# How to deal with the proliferation of encodings of ASTs?

When working with type theory and ASTs one often ends up with a large amount of different encodings. It's very similar to the same problem in compiler design but more annoying because it's dependently typed as well.

I will use the simply typed lambda calculus as an example.

A user facing language

Inductive type :=
| tvar (A: string)
| fn (t1 t2: type).

Inductive term :=
| var (x: string)
| lam (x: string) (t: type) (e: term)
| app (e0 e1: term).

Inductive judge: list (string * type) -> term -> type -> Prop :=
| j_var {G x t}: find x G = Some t -> G |- var x in t
| j_lam {G x t1 t2 e}:
(x, t) :: G |- e in t2 ->
G |- lam x t1 e in fn t1 t2
| j_app {G t1 t2 e1 e2}:
G |- e1 in fn t1 t2 ->
G |- e2 in t1 ->
G |- app e1 e2 in t2
where "G |- e 'in' t" :[ (judge G e t).


A "decorated" format

Inductive term: list (string * type) -> type -> Set :=
| var {G t} (x: string): find x G = Some t -> term G t
| lam {G t2} (x: string) t1 (e: term ((x, t1) :: G) t2): term G (fn t1 t2)
| app {G t1 t2}: term G (fn t1 t2) -> term G t1 -> term G t2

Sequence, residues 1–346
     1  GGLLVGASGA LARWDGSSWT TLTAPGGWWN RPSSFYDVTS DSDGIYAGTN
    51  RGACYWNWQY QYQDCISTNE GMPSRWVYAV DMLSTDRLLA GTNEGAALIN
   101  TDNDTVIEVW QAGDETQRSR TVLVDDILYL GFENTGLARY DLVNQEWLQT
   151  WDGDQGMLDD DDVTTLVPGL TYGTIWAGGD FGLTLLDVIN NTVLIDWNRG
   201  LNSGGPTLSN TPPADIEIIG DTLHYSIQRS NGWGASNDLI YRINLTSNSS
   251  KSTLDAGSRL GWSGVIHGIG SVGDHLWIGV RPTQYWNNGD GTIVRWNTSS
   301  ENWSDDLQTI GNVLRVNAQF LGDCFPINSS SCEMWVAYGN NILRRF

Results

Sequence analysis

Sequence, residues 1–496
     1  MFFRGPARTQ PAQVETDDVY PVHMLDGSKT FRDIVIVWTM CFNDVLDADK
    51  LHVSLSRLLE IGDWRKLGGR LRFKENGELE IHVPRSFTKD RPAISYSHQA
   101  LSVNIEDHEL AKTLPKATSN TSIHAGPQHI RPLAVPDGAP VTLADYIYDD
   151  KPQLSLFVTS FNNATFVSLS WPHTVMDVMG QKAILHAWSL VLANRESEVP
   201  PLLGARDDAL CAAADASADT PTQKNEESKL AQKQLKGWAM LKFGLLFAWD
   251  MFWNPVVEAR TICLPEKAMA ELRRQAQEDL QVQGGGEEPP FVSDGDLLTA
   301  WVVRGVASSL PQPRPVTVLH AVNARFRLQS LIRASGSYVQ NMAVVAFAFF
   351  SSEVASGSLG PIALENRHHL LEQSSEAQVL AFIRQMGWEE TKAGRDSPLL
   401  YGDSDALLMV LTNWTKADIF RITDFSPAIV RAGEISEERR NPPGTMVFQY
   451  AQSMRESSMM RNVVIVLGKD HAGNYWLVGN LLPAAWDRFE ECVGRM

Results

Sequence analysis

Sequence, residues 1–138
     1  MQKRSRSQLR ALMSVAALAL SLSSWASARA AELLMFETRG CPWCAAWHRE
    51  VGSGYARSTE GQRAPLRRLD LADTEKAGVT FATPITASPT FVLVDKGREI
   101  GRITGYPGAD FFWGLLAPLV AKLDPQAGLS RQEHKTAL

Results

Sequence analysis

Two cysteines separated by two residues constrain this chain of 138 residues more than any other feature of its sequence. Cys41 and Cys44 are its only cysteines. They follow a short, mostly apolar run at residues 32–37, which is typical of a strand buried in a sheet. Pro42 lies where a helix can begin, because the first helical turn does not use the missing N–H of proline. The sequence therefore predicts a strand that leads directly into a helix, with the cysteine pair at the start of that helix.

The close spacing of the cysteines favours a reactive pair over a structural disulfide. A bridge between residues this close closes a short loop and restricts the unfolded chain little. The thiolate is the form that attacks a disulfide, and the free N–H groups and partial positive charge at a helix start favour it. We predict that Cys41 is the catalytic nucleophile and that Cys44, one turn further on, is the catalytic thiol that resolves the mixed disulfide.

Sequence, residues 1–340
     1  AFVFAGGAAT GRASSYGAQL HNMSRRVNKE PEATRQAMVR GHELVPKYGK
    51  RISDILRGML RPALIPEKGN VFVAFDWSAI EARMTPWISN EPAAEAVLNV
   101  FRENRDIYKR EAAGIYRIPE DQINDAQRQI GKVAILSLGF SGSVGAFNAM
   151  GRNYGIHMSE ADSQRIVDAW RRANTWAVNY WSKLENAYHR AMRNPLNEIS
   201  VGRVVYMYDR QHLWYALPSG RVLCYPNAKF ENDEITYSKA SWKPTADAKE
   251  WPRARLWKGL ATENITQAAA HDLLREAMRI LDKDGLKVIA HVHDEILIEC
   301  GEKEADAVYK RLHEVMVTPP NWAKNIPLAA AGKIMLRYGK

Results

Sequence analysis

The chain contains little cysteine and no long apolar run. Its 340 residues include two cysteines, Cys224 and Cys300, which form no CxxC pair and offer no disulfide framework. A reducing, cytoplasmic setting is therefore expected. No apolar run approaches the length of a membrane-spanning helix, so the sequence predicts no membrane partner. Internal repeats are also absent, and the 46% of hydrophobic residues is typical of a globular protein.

Canonical forms (typing judgements omitted)

Inductive intro :=
| lam (x: string) (M: intro)
| neu (R: elim)
with elim :=
| var (x: string)
| app (R: elim) (M: intro).


Debruijn levels (judgements omitted)

Inductive term :=
| var (n: nat)
| lam (t: type) (e: term)
| app (e1 e2: term).


Parametric higher order abstract syntax

Inductive term V :=
| var (x: V)
| lam (t: type) (e: V -> term V)
| app (e1 e2: term V).


And various annoying combinations of all of these.

I'm not really sure how to grapple with all these different encodings.

• @GuyCoder Not really enough detail but to be sure Prolog is fun. IIRC there's a Lambda Prolog tactic language for Coq but I have no experience with it. I found Makam was great for prototyping stuff but was not formal and was pretty research quality. Mar 30, 2022 at 17:53
• I don't think that homoiconicity does anything to help here --- not least because homoiconicity appears not to be a well-defined concept at all. Mar 30, 2022 at 17:53
• I deal with the issue by accepting it. When things are done the right way, these types serve a purpose. So what is the problem, other than some humans being slightly annoyed? Mar 30, 2022 at 21:14
• @AndrejBauer indeed sometimes beauty has to take a backseat to getting things done. There's nothing really wrong with this approach. Mar 30, 2022 at 21:40
• This also happens in ordinary informal/paper-based stuff too, if you are being careful enough. My approach to mitigating the damage has been to simply decrease the number of representations used (by changing the way I prove things)! This has led to superior and more abstract proofs of the results in question. For instance, there are only two representations needed to prove normalization for MLTT --- but conventional proofs tend to involve closer to 4-6 representations. But it is true that sometimes you must bite the bullet. Mar 31, 2022 at 7:44